Week II • Traditional Nutrition


you are what you assimilate 

Let's explore the digestive process and the journey our food takes from smells to tastes, and all the way down to waste. 


If you're having issues with digestion, pay attention to when the symptoms of discomfort occur. 

These are clues to what organ is affected and what remedies to focus on for balance.


  • First, smell your food. This step alone will activate your digestive system and get the juices flowing.
  • Once you taste food, saliva creates moisture and begins to break it down. As you chew, you're breaking down food, making it easy for the enzymes in your saliva to do their job.
  • Your tongue also plays a role. While the food is in your mouth, you taste whether the foods are sweet, sour, salty, etc. These different tastes play a huge role in traditional medicines and formulation theory. More on these 6 tastes below. 
  • After some time is spent in the mouth, the pre-digested food flows down rather quickly through the esophagus and lands in the stomach. It does this through rhythmic, wave-like movements. This form of movement (throughout the digestive system) is called peristalsis.  
  • Then, your gut breaks it down to what is called chyme, with the help of gastric juices. This process of breaking down nutrients into even smaller bits in the stomach can take 3-4 hours.
  • And now the chyme is prepared to move into the small intestine. There, it works with both the pancreas and liver to break down nutrients even more and via the small intestine walls nutrients are delivered throughout the bloodstream. During this process the liver produces bile (which helps us to break downs fats), and the pancreas produces enzymes that help to break down carbohydrates, fats, and proteins.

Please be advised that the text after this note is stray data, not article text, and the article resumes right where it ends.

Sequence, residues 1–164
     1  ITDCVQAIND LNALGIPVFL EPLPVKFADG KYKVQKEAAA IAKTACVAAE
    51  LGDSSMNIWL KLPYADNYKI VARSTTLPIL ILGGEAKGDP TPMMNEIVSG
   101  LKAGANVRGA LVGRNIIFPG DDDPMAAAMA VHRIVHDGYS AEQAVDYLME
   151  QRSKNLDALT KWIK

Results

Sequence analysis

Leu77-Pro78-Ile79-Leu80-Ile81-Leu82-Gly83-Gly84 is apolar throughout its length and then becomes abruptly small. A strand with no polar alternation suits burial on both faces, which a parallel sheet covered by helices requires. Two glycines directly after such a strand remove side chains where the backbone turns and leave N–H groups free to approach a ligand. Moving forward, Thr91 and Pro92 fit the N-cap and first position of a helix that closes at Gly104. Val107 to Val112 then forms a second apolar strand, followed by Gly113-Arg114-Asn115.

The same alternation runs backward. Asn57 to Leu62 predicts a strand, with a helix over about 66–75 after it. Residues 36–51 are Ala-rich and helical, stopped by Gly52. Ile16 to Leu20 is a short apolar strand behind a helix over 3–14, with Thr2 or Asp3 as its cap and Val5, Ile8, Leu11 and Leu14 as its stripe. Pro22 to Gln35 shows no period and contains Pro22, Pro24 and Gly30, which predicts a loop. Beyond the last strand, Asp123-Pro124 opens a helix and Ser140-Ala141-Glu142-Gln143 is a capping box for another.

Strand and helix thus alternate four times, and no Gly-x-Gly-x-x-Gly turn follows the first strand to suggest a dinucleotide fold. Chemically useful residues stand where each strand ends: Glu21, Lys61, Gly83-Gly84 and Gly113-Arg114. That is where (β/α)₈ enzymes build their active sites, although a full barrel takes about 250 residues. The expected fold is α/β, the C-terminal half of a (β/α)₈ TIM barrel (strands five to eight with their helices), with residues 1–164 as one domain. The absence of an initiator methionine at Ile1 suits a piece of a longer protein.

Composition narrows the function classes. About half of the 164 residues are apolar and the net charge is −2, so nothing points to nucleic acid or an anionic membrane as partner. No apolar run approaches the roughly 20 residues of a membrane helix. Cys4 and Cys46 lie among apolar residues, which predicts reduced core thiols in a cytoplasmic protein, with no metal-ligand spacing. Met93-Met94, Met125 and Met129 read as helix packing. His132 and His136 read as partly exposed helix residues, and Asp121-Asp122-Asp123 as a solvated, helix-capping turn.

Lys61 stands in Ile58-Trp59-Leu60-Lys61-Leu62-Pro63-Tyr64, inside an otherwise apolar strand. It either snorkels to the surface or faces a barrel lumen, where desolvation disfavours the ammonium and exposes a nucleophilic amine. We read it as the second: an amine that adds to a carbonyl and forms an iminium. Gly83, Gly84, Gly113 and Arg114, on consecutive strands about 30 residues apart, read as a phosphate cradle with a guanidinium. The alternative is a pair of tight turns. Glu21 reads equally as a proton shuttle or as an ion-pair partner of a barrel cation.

• Next is the large intestine, where the major function is to absorb water from the useless food matter and then remove the rest. Up until this point, water and fluids were a huge part of the processes. Then waste passes onto the rectum and is ready to be released.

Timing of Imbalances

STOMACH ---- Occurs right after meal 

SMALL INTESTINE ---- Occurs 30 mins to 1.5 hours after meal 

COLON/LRG INTESTINE ----- Occurs 3 hours after meal or in the morning


These different tastes play a huge role in traditional medicines and formulation theory.

The flavors are medicines in themselves and can be some of the easiest ways to find balance. 


  • Found in sugars, starches, grains, sweet vegetables, and fruits.

  • The sweet taste is traditional viewed as building.
  • It strengthens the body tissues, soothes mucous membranes, and generally means the food has plenty of quick fuel.
  • Sweet foods increase the kapha quality and promotes calm contentment and harmonizes the mind.
  • The sweet taste helps vata + pitta doshas because these folks have less grounding, building, and soothing qualities.


  • Found in table salt, rock salt, sea salt and seaweeds. 
  • Salty adds moisture and warmth to the body, thus incresing kapha damp qualities and Pitta heat.
  • In small amounts the salty taste can aid in digestion.
  • It's sedating and can soften the body tissues. The vata person needs these qualities in their bodies.
  • The pitta + kapha doshas must avid excess salt, as it can aggravate their body types.  


  • Found in hot spices such as ginger or cayenne. 
  • It's heating, drying, stimulating, increases metabolism, counteracts cold sensations and aids in digestion.
  • The spicy, pungent taste is helpful to kaphas as they experience conditions that are generally damp, cool and stagnant. 
  • Vatas can use some spice as it will warm them up, but they must use it with some caution because it is also drying.
  •  Vatas can best use spicy with foods that are liquid, warm and oily such as soups or stews. 
  • Pittas are usually warm enough and may have problems with burning sensations so they do not need much pungent taste as it may aggravate them.
  • People who are suffering from pitta conditions such as rashes or inflammation should avoid having the pungent taste. 


  • Found in fermented foods and acidic fruits.
  • Some examples are, yogurt, miso, pickles, buttermilk and some sour fruits are lemons and sour grapes.
  • It is thirst relieving, nourishing, dispels gas, and increases bodily tissues.